a country girl again, by Kay McKenzie Cooke

The black-and-white photo goes back

to '67.  Taken around Christmas.  Perhaps a Sunday

drive out from Gore.  A bit of a breeze parts Nana's perm,

her own steady caution holding down hands

that shine below the folded-back cuffs

of her bri-nylon cardigan.


Grandad's road-worker's hands lie relaxed

over the roof of the car, taking ownership

of its dim-blue.  Both of them

caught by me at fourteen, when I press

the slow shutter of my Brownie box camera

with a pronounced click.  Just a moment ago.

Kay McKenzie Cooke, a country girl again.

I love this poem, so much.  It captures familiar scenes, people I almost know ... from my childhood.  And Kay's descriptions seem better than a photograph because I know the way her Grandfather's road-worker hands would have looked on the roof of his car.  I saw my Grandfather make that same gesture, so many times, back when I didn't know I was even looking ... or remembering.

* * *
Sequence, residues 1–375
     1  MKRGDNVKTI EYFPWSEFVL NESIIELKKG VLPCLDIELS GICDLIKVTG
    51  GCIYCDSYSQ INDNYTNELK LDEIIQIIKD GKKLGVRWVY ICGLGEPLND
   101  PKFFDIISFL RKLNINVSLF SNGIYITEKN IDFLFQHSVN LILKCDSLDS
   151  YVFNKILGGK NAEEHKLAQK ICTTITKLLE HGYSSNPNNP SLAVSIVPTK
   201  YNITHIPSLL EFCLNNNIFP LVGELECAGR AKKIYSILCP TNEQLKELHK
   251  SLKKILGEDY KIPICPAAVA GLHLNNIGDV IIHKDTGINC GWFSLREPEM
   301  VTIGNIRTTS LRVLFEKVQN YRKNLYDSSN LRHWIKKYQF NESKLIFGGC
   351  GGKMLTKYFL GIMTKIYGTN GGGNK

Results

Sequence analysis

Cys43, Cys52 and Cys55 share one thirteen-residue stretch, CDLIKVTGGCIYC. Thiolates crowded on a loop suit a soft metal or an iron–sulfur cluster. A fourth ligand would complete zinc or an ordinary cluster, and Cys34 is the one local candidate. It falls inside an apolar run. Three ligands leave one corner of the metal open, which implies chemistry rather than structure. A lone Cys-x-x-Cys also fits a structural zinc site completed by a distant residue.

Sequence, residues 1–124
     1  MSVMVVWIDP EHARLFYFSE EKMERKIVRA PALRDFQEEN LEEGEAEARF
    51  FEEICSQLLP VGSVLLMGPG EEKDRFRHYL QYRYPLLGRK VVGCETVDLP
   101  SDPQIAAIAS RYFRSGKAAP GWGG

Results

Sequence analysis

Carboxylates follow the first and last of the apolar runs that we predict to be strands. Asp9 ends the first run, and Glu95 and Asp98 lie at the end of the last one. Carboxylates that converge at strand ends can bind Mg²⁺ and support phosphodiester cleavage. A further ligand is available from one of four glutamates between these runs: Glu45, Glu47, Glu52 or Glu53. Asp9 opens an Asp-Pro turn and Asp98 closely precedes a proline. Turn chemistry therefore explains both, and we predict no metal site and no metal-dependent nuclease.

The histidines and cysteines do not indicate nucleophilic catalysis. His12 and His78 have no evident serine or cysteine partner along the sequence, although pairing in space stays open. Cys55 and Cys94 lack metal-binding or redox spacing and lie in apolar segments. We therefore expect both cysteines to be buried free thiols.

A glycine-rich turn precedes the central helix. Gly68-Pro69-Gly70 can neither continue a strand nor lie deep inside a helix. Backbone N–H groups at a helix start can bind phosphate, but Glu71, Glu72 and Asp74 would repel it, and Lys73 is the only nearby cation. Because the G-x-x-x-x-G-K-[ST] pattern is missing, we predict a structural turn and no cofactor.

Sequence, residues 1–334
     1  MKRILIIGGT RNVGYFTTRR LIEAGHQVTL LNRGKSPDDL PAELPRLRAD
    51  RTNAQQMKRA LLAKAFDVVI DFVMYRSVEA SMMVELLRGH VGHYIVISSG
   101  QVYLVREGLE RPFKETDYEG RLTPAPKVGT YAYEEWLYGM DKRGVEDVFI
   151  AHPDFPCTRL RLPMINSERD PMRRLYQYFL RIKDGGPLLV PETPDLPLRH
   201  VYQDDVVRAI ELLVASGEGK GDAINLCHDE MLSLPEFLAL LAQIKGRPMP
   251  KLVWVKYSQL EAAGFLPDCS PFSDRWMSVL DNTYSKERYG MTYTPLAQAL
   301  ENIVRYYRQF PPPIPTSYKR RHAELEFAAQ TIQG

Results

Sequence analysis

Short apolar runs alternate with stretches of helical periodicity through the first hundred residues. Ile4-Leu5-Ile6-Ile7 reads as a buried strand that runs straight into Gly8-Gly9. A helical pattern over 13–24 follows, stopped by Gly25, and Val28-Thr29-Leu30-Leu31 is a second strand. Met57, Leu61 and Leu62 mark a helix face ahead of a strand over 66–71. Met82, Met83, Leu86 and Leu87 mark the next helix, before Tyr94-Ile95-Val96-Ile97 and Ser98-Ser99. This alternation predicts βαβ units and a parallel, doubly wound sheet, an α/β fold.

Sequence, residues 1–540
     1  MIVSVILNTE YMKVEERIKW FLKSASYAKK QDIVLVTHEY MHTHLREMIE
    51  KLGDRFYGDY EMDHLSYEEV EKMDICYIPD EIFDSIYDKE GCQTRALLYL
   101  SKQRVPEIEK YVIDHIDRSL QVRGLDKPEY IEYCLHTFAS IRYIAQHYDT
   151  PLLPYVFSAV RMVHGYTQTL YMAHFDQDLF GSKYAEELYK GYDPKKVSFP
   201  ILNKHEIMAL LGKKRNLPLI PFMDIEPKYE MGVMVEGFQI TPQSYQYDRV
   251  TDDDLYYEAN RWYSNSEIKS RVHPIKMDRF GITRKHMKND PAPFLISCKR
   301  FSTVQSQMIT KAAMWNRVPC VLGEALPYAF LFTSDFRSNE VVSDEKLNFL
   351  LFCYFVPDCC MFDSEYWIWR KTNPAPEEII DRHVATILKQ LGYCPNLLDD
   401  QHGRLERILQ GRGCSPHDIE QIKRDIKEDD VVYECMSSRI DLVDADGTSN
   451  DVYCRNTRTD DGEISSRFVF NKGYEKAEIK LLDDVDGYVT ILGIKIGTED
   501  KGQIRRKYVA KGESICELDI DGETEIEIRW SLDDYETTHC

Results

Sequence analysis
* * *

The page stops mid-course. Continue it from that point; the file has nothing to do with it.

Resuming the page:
3 sets of Kay McKenzie Cooke's beautiful poetry books have arrived in time for my 'Home & Away' Photography exhibition, soon to be mounted here in the New Zealand Shop, Antwerp. 

Kay has signed and written a small message in 6 of her books, the other 10 came straight from the publisher ... hot off the press and her new poems are just delighting this New Zealand girl so far from home.  

The new collection is titled, Born to a Red-Headed Woman, and the Otago University Press tells the story of it more fluently than I can: Using the extraordinary capacity of music to revive the places and people from our pasts, this poetic memoir springs from over 50 song titles or song lines and spans more than four decades.
Laconic, wry, subtly philosophical, Kay McKenzie Cooke’s new collection carries us from her rural Southland girlhood in the 1950s and 60s to the bitter pressures of adopting out her baby as a teenager in the 1970s, and to her present as grandmother, mother, wife and author. A plain-spoken honesty, a sensitivity to the natural world, a gentle humour, a deep sense of how the richness of our relationships lodges in ordinary rituals and routines: all combine in a quietly moving autobiography.
Born to a Red-Headed Woman is documentary, vivid, ever grounded in the workaday detail of farming, the changing decades, family, city life and job. Yet at times the language peels right back to the tender nerve of major, formative losses.
If Cooke’s observations of the daily are the simple melodic lines that seem to coast on the surface, beneath that runs a rich bass line of meditation on time, on meaning, how to live a life true to oneself, and to familial love
.

I love Kay's poems.  Not the least because they take me home.